Pasa Re­views

Fu­sion Theatre Com­pany’s The New Elec­tric Ball­room

Pasatiempo - - NEWS - The Fu­sion Theatre Com­pany presents “The New Elec­tric Ball­room” by Enda Walsh at the Lensic Per­form­ing Arts Cen­ter (211 W. San Fran­cisco St.) at 7:30 p.m. on Sun­day, April 26. Tick­ets, $15 to $35, are avail­able by call­ing 505-988-1234 and vis­it­ing www.tic

Such a night

When the Fu­sion Theatre Com­pany ap­pears at the Lensic Per­form­ing Arts Cen­ter on Sun­day, April 26, it will of­fer a pro­duc­tion that Santa Fe’s the­ater­go­ers will prob­a­bly find them­selves think­ing about long into the com­ing week. Rather than wait for that per­for­mance, I de­cided to catch the play ear­lier in its run, at the com­pany’s home at the Cell Theatre in down­town Al­bu­querque, a small but com­fort­able space of about 50 seats, all of which were oc­cu­pied at the mati­nee on April 18.

The play is The New Elec­tric Ball­room, writ­ten in 2005 by Enda Walsh, a muchdec­o­rated Ir­ish play­wright who has achieved his great­est fame in this coun­try for au­thor­ing the book of the Tony Award-win­ning Broad­way mu­si­cal Once. Last Septem­ber, Fu­sion scored a solid suc­cess with its pro­duc­tion of John Pa­trick Shan­ley’s Out­side

Mullingar, a ro­man­tic com­edy set in a dow­nat-the-heels Ir­ish vil­lage. The New Elec­tric

Ball­room trans­ports us to a sim­i­lar lo­cale, in this case a fish­ing port on the Ir­ish coast and specif­i­cally into the com­bi­na­tion sit­ting room and kitchen of the mod­est home oc­cu­pied by three sis­ters. Clara and Breda are en­ter­ing their ad­vanced years, while the con­sid­er­ably younger Ada is perched at a point when the prospects for ro­mance are grow­ing ever less likely, their pos­si­bil­ity di­min­ished fur­ther by the weight of bit­ter­ness she shoul­ders.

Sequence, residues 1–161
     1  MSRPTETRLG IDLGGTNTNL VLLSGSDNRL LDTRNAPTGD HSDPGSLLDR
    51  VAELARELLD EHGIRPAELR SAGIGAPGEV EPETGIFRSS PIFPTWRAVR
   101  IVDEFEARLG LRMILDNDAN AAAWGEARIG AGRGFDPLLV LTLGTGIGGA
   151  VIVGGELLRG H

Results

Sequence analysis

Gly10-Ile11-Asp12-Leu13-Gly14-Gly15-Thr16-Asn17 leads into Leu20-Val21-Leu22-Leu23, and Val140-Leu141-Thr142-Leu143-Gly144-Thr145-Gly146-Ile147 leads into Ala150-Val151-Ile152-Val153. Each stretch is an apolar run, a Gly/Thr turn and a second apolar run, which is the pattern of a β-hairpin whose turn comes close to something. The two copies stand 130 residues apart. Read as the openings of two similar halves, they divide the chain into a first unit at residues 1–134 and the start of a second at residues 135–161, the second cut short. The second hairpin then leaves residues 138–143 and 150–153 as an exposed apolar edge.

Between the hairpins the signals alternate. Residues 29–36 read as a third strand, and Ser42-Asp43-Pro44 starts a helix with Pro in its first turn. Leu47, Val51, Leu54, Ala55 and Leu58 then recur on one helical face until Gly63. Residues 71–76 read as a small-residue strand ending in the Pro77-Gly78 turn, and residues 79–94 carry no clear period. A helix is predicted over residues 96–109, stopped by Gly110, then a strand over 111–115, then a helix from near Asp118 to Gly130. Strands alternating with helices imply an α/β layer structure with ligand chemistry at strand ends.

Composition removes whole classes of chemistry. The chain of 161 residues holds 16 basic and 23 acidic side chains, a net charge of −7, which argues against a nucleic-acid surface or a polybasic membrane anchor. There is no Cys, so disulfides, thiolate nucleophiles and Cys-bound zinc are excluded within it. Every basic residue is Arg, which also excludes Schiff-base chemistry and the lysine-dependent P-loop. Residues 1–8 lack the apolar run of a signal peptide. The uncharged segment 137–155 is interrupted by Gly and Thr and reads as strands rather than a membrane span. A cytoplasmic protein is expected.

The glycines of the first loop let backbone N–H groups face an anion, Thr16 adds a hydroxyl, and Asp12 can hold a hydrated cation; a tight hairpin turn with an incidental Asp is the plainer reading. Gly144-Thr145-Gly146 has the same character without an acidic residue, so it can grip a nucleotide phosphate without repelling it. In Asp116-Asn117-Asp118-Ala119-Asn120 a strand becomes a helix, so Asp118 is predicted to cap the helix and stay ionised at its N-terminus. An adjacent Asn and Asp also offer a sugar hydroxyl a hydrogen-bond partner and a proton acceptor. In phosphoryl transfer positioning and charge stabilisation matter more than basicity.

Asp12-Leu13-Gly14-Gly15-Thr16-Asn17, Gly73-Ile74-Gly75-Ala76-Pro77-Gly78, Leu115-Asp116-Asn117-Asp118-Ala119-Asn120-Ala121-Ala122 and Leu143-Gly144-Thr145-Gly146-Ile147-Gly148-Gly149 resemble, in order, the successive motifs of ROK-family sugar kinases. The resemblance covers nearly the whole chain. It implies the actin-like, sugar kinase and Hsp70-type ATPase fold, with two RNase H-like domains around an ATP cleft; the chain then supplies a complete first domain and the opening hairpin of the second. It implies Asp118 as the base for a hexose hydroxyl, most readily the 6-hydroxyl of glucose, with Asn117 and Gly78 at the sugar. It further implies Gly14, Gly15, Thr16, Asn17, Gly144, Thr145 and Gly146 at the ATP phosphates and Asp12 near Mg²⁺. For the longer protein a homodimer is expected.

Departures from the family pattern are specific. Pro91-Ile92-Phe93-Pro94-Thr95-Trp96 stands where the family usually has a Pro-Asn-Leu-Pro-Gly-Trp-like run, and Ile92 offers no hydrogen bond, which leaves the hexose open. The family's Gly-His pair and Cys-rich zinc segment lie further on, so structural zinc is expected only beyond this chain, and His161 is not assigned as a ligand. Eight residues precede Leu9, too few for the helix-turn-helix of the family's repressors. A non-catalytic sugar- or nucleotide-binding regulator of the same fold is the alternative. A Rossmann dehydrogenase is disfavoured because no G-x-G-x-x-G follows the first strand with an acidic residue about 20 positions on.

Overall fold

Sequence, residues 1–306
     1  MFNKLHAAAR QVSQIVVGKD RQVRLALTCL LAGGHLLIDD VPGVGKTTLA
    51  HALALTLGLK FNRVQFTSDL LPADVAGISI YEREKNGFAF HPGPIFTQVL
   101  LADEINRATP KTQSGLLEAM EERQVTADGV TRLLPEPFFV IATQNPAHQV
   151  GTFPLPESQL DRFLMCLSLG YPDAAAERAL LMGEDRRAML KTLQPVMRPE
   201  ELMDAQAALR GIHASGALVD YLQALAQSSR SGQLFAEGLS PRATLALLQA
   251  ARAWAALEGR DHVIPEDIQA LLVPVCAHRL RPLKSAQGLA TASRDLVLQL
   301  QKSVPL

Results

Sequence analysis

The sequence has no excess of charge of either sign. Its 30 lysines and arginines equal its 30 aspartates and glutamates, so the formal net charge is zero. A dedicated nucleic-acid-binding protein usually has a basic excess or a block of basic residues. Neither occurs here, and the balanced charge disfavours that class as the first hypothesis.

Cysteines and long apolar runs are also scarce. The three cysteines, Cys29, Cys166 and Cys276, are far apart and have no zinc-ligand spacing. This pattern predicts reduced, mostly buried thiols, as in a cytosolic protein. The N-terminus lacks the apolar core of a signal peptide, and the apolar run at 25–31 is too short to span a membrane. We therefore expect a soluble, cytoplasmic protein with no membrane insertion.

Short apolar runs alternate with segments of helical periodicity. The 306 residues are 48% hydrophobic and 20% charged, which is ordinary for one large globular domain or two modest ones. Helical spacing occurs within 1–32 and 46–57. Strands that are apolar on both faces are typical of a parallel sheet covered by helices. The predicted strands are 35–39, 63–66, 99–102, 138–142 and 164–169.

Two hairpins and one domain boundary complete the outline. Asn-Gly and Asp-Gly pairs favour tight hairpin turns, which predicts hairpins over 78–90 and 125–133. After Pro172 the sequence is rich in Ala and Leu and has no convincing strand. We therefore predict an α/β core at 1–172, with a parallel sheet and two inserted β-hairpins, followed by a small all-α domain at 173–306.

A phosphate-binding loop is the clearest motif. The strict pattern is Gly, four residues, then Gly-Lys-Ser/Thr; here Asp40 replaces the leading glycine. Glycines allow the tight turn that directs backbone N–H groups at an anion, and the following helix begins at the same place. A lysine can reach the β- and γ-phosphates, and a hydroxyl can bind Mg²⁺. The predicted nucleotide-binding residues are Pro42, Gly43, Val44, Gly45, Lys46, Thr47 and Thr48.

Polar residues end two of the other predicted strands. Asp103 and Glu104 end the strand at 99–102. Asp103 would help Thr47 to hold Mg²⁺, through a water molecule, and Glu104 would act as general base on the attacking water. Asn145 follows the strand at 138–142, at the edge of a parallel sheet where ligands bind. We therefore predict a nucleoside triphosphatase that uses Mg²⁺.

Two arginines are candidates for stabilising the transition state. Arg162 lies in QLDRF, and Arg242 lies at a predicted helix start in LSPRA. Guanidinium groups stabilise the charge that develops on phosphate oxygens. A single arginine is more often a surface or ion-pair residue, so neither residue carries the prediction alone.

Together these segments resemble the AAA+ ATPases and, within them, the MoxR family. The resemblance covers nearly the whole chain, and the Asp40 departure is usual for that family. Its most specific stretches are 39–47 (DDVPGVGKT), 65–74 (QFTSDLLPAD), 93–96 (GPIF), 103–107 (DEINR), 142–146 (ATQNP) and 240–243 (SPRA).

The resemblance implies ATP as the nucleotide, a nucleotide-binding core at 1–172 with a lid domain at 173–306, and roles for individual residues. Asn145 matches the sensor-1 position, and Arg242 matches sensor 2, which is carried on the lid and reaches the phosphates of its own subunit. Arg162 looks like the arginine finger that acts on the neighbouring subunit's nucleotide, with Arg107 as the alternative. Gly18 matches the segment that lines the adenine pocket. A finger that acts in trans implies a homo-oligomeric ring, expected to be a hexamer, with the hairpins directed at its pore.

Be­ing Ir­ish, th­ese women fill the si­lence with talk — or at least the two older ones do, while Ada more of­ten stands pout­ing or with­draws to es­cape the claus­tro­pho­bia. They re­count the same tales in the same glo­ri­ous words, and some­times the tales float from one char­ac­ter to an­other. Mostly they talk about the defin­ing in­ci­dent in their oth­er­wise joy­less lives, the sin­gle night long ago when they trav­eled to a dance at the New Elec­tric Ball­room to hear pop singer Roller Doyle, a re­gional Elvis Pres­ley type whose dress­ing-room door proved open to young ladies who might make them­selves avail­able for his (and their) plea­sure. Clara and Breda were both con­tenders for his fa­vor, and they have never re­ally moved on since that night, living out their lives in a re­lent­less rep­e­ti­tion of sib­ling ri­valry.

Into the fringe of their ex­is­tence in­trudes Patsy, who drops by sev­eral times each day to de­liver a crate of fish. The women seem to re­sent his pres­ence and in­vari­ably dis­card the fish. It is an odd four­some born of some in­ter­sec­tion of Joyce, Beck­ett, and Flann O’Brien; and yet they ap­pear to meet one an­other’s needs in some in­de­fin­able way. Even­tu­ally, the older women al­low Patsy en­try to their world as an em­bod­i­ment of their fan­tasy of Roller Doyle and their mag­i­cal mo­ment of sex­ual awak­en­ing — a po­tent mem­ory they are now in­tent on reen­act­ing as a way to en­trust it to Ada, a means of trans­fer­ring to her “the pat­terns safe.”